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IC Residents Tired of Living in Water
IOWA CITY, IA (CBS2/FOX28) - The Iowa River hit it's third highest crest in Iowa City Saturday after rain brought river levels up.
Although the river slightly exceeded flood stage, which is 25 feet, Johnson county is doing everything they can to prevent further flooding in the area.
But residents living along the river are tired of having to "walk on water."
"Yeah, it's more a 'pain in the butt' than anything," Scott Smith said.
Smith said that all the residents are currently living in their homes but they just have to deal with the river flowing around their home and driveways.
He also added that residents on his street knew about the potential of flooding when they bought their homes. Most the residents did lift up their homes to help prevent water damage in the house.
"It just comes and goes," he said. " I mean it could be prevented but if they hold the gates back or it rains too much then you gotta wait."
A waiting game that could take weeks because it all depends on what falls from the skiy.
Smith said living by the river has its advantages but it seems that the river has flooded into the Smith's yard more in the last two years.
He said last year, the water was a foot higher than it is right now, but that still doesn't make it any less annoying to deal with, he said.
"This year we built a walkway to get in and out of the house," he said.
Johnson County says Saturday morning's rainfall slightly increased river levels, but those are slowing going back down again.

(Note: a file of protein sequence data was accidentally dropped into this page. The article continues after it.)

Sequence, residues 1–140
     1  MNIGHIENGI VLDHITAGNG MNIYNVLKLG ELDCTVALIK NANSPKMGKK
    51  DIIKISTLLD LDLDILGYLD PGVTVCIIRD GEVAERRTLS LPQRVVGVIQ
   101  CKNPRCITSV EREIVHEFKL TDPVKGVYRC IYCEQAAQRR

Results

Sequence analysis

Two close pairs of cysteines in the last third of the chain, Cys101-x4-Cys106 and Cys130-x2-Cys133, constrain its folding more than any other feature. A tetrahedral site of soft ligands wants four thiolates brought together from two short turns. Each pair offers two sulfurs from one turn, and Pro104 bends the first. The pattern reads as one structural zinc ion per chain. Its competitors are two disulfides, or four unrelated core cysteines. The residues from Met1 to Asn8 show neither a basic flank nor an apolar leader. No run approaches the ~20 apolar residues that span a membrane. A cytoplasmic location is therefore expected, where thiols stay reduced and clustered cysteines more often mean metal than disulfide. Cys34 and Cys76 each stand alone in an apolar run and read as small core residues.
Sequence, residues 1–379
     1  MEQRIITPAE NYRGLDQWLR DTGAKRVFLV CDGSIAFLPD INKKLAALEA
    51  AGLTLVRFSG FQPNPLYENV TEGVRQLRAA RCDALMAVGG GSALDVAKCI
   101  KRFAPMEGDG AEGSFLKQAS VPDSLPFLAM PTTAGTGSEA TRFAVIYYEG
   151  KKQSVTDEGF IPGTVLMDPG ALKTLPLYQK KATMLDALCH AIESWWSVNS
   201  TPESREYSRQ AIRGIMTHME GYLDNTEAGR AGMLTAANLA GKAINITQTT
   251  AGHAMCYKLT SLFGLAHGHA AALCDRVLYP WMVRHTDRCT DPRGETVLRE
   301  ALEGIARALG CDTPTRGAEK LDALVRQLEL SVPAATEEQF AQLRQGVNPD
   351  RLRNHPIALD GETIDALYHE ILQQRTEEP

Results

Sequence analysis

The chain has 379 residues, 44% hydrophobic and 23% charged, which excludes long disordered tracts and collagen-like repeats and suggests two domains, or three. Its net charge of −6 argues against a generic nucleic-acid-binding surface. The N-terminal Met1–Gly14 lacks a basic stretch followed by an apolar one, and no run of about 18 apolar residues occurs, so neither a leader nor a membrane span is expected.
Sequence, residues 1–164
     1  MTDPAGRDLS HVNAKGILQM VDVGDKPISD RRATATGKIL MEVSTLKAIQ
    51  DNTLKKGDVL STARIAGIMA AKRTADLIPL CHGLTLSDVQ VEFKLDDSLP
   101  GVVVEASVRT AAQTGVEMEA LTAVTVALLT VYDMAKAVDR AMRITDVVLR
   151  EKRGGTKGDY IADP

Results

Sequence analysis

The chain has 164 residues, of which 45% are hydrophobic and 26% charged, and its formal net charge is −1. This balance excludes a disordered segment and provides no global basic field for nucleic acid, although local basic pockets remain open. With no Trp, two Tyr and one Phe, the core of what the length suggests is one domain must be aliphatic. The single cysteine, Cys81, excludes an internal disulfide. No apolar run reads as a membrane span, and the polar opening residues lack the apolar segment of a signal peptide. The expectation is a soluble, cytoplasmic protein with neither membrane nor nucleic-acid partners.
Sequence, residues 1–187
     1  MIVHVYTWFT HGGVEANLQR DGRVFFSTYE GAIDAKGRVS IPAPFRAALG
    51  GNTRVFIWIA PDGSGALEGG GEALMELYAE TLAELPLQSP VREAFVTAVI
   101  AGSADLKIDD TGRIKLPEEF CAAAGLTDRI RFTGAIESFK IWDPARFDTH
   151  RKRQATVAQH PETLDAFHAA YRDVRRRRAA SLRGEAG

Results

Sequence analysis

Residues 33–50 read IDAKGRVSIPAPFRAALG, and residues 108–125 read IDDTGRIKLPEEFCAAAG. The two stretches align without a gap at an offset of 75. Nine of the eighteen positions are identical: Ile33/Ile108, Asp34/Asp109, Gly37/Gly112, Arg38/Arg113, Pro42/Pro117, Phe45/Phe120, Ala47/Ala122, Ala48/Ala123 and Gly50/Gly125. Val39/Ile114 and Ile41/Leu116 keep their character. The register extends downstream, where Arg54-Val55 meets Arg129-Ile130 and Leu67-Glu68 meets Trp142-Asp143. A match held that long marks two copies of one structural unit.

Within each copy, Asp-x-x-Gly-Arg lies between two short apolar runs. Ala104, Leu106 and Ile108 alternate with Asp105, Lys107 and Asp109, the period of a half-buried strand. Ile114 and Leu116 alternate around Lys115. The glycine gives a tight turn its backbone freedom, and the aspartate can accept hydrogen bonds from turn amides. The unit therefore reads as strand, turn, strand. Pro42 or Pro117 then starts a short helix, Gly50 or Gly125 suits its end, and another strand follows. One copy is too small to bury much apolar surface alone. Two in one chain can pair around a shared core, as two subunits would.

"As the rain is coming through the area, we are adjusting the flows coming through the lake," Johnson County Emergency Manager Dave Wilson said.
wilson said the county isn't concerned about the water flowing through the dam but they are monitoring the water.
"We really don't start seeing problems until it excees 20,000," Wilson said.
He's talking about the 20,000 kubic feet of water that is flowing through the dam.
The water level Saturday morning was just above 19,000 kubic feet per second and caused some flooding but nothing too major according to Wilson.
But even with more rain in the forecast, Wilson said he isn't too worried.
The county will continue to open gages as they feel needed and will make sure the water isn't flowing too fast through the dam.
However, they do want residents to keep aware of their surroundings.
"It's too early to take down any flood protection measures. We are not out of the woods yet," Wilson added.
For now, Smith says he can only go with the flow.
Wilson said the county will re-open city streets like Dubuque Street once the water continues to drop.